Soundbars are a popular item right now. When I’m traveling to product shows and conventions, every company seems to be making and displaying their soundbars. Next time I go through a drive through to get my salad and yogurt (yeah, right), I will not be terribly surprised if someone asks me through the scratchy speaker “Want a soundbar with that?”
DO I? Do I want a sound bar? More importantly, do you want a so soundbar or would you like to know more about them?
Let’s explore the wide world of soundbars, and whether a soundbar is something you should consider for your home.
What is a soundbar?
A soundbar is a speaker system enclosed in a rectangular-ish box designed to work with your television. Today’s TVs are so thin there is not much room for speakers inside. The sound quality tends to be uninspiring. If you cut open a sound bar – which would be silly – you would see lots of stuff packed into the chassis including speakers, digital amplifiers, crossovers and other signal processing wizardry…and some tiny little people who live inside soundbars. You may not see the wee soundbar people, but trust me they are in there. Late at night, they speak to me – but let’s keep that between us for now please.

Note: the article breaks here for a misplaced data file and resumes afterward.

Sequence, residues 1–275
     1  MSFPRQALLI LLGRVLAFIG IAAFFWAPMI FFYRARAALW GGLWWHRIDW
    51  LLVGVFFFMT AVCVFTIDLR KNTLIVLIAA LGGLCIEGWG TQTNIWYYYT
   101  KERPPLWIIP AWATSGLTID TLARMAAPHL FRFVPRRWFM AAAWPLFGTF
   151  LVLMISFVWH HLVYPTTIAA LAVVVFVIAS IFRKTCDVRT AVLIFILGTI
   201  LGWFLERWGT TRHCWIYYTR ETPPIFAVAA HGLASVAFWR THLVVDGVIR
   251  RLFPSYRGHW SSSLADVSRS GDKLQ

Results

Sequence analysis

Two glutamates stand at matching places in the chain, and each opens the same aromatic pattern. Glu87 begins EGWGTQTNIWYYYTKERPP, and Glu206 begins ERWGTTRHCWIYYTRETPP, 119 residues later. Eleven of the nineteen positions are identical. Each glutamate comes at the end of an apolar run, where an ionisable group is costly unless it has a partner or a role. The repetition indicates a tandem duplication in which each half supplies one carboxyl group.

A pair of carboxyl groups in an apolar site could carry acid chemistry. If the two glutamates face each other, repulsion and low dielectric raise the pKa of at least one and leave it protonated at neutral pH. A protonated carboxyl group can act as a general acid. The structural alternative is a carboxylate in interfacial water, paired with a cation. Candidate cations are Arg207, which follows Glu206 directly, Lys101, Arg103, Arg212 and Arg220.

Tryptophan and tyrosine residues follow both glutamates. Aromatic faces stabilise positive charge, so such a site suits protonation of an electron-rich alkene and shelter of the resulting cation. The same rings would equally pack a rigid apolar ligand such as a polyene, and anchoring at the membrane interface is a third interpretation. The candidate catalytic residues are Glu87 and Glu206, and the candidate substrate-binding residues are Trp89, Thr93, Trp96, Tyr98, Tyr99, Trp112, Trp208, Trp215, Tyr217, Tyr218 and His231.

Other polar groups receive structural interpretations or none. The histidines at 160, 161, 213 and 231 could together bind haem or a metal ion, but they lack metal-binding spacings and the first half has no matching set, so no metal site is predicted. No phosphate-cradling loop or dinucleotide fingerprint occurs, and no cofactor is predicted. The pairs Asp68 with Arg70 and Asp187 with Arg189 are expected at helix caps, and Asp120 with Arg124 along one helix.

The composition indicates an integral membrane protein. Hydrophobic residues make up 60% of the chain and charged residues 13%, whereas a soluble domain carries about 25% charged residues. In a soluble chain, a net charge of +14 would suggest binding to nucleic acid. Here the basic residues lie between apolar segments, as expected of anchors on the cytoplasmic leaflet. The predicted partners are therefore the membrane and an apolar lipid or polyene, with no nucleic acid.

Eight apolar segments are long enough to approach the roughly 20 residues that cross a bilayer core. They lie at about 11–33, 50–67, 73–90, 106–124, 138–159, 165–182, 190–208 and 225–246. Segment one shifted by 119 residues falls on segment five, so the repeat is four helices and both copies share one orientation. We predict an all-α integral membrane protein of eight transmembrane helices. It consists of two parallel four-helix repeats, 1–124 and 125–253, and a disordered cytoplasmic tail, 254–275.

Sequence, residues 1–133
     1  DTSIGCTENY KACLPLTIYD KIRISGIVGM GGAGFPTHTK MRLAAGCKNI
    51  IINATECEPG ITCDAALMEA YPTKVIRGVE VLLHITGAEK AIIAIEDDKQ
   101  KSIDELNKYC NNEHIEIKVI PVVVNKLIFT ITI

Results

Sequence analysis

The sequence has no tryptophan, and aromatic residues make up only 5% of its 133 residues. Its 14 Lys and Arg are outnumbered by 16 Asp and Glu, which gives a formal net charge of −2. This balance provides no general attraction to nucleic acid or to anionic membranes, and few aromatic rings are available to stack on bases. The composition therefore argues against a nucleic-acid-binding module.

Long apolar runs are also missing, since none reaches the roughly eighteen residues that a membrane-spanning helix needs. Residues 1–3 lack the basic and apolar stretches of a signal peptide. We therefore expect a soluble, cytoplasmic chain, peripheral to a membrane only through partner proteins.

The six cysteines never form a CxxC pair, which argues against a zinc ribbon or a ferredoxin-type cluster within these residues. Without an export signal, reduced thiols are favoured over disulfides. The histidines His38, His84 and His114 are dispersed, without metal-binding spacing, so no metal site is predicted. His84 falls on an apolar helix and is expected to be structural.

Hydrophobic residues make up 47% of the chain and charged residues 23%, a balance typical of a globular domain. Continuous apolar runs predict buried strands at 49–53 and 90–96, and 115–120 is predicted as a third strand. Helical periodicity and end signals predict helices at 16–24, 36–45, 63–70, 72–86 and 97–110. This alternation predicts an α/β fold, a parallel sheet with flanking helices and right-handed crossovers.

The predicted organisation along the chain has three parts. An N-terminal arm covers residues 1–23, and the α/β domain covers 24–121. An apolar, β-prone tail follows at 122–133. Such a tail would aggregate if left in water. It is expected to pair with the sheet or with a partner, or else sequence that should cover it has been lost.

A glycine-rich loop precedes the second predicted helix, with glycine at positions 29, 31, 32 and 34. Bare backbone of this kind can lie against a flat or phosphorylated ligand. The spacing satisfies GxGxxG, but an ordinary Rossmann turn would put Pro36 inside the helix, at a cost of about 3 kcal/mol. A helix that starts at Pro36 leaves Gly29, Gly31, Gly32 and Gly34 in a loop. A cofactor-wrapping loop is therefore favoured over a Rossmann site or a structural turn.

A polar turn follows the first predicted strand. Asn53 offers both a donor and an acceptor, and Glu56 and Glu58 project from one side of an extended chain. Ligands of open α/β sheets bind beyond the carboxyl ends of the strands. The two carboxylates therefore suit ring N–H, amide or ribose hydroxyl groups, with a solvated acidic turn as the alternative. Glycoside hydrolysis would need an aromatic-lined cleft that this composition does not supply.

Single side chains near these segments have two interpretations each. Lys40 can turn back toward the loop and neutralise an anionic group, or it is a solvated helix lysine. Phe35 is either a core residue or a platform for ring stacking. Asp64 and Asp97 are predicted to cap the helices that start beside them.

Soundbars have a wide variety of designs and performance levels. For instance, the number of audio channels may range from two channels (left and right) to many more. Three channels are common (left, center, and right), but much of the simulated surround sound relates to the digital signal processing (DSP) capabilities of the soundbar. Even if more channels are part of a particular soundbar’s specs, all of the sound is still generated from the single soundbar unit, although most soundbars are designed to provide the best results when used in conjunction with a separate subwoofer.